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Cereal Chem 56:11 - 14.  |  VIEW ARTICLE
Functionality in White Layer Cake of Lipids from Untreated and Chlorinated Patent Flours. I. Effects of Free Lipids.

L. T. Kissell, J. R. Donelson, and R. L. Clements. Copyright 1979 by the American Association of Cereal Chemists, Inc.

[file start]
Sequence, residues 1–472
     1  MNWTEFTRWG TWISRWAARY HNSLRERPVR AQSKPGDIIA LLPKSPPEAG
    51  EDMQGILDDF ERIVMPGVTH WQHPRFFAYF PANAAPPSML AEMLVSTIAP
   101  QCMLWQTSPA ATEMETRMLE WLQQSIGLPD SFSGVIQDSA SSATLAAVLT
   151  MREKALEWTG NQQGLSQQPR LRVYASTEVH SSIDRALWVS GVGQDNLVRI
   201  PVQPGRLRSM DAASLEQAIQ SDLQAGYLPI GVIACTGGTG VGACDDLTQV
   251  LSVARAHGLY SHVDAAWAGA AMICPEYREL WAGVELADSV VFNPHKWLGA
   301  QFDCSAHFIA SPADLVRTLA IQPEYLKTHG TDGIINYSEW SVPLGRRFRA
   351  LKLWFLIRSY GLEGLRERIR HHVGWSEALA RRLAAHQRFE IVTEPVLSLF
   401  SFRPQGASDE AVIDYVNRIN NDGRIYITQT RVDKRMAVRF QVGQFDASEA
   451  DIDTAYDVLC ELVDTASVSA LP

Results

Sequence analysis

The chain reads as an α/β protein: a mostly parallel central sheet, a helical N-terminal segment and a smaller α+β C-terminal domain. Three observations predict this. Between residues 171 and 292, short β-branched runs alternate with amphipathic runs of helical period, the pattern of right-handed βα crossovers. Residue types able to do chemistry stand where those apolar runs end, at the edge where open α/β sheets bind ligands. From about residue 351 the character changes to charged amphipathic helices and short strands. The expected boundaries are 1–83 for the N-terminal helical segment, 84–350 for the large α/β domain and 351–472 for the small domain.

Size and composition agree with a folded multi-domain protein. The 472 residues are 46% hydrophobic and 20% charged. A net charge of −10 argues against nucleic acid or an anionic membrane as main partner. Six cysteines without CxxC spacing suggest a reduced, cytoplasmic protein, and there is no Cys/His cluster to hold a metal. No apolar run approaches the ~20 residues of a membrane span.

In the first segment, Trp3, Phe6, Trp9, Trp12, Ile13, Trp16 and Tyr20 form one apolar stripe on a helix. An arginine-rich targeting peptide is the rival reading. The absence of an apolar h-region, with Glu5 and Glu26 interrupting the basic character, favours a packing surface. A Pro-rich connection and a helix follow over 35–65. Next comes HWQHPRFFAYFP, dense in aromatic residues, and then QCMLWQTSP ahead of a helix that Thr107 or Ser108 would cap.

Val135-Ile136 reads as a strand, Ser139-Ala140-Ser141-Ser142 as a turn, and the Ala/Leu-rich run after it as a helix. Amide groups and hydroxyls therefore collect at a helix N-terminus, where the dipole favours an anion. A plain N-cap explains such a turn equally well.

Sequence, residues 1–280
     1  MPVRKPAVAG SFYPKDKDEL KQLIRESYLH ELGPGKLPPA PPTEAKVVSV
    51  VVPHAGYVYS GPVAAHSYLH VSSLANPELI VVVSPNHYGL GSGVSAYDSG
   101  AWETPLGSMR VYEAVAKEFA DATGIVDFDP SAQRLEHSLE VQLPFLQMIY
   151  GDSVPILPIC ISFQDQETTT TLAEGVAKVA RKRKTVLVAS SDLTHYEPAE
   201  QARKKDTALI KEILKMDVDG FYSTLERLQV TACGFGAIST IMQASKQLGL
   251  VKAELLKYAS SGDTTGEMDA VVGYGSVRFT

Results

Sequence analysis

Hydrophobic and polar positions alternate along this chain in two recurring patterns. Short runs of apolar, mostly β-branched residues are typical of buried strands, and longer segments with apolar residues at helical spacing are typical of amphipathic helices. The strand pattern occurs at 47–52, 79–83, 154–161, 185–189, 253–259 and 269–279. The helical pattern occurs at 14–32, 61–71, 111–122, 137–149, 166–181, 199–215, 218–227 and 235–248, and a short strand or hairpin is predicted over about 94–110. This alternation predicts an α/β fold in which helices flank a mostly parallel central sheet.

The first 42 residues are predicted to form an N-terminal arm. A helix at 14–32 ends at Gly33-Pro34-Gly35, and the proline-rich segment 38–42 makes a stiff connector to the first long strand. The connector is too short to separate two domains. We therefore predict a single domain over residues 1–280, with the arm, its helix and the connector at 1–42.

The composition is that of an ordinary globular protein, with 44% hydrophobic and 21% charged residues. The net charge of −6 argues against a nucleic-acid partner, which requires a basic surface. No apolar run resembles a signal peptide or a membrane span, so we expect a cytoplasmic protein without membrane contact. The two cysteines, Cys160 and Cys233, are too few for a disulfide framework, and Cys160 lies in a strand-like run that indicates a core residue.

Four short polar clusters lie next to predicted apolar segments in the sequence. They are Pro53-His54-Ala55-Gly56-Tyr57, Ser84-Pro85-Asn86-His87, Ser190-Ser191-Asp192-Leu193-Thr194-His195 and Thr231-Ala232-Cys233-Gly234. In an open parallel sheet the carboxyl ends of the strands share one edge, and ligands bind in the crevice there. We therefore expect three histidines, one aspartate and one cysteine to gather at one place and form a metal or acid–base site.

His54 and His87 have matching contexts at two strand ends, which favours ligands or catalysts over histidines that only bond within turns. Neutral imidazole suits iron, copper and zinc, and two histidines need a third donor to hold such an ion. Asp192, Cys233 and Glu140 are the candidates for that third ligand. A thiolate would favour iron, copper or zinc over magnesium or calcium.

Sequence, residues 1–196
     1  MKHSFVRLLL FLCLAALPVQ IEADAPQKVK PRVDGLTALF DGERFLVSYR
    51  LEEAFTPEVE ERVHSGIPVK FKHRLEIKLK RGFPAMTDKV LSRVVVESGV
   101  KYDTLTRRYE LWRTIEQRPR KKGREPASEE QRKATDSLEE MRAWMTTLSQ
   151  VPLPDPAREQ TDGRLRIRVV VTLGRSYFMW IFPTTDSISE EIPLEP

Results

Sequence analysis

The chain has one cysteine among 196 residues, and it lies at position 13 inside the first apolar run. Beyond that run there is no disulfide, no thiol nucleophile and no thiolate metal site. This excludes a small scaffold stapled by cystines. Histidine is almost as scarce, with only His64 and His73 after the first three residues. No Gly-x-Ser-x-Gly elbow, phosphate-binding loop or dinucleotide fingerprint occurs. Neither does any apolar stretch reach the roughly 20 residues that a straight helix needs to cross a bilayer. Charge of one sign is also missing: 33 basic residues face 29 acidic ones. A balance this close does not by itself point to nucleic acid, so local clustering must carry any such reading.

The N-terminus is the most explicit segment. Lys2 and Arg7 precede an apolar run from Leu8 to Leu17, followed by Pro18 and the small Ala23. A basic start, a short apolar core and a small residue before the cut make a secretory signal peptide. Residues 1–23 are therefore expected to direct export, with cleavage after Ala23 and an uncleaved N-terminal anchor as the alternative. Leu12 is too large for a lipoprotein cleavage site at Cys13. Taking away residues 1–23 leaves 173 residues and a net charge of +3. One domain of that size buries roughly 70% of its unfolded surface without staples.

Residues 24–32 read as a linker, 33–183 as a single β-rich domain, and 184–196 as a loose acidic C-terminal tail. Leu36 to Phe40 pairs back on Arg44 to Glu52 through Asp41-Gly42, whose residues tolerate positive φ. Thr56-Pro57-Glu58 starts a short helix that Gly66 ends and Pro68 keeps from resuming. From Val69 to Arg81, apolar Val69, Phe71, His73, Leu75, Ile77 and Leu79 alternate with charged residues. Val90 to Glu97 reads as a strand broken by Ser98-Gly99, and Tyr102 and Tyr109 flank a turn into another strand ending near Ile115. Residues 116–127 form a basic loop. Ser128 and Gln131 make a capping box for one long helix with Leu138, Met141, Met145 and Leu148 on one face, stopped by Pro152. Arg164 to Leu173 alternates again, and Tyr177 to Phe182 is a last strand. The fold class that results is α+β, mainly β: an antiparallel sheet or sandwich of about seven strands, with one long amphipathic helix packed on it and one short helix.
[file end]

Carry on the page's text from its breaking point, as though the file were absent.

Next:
Commercial unchlorinated soft red winter patent flour (pH 5.8) was treated to pH 5.2 (low), pH 4.8 (intermediate), and pH 4.0 (high) levels using 560, 1,120, and 2,240 ppm of chlorine gas, respectively. Hexane-extractable (free) lipids were removed by exhaustive refluxing with the solvent. Baking performances of the hexane-extracted (defatted) flours were poor and about equal, regardless of chlorine treatment. When lipids were returned to the respective extracted flours, the original baking quality of the chlorinated flours was restored. Cake volume increased with increasing chlorination to a miximum at pH 4.8, then decreased at pH 4.0. When lipids from pH 4.0 (highly chlorinated) flour were added to the defatted flours of low and intermediate chlorine treatment, baking performance was inferior to the responses with their own lipid extracts. Addition of lipids from untreated, low, and intermediate chlorination rate sources improved baking function of the highly chlorinated flour residue. In a parallel test in which the same chlorine treatments were applied to hexane-extracted unchlorinated flour, a similar set of responses was obtained, but the combination of variables yielding acceptable performance was restricted to low and intermediate chlorine rates. The improtance of the presence of free lipids in situ at the time of chlorination was confirmed.

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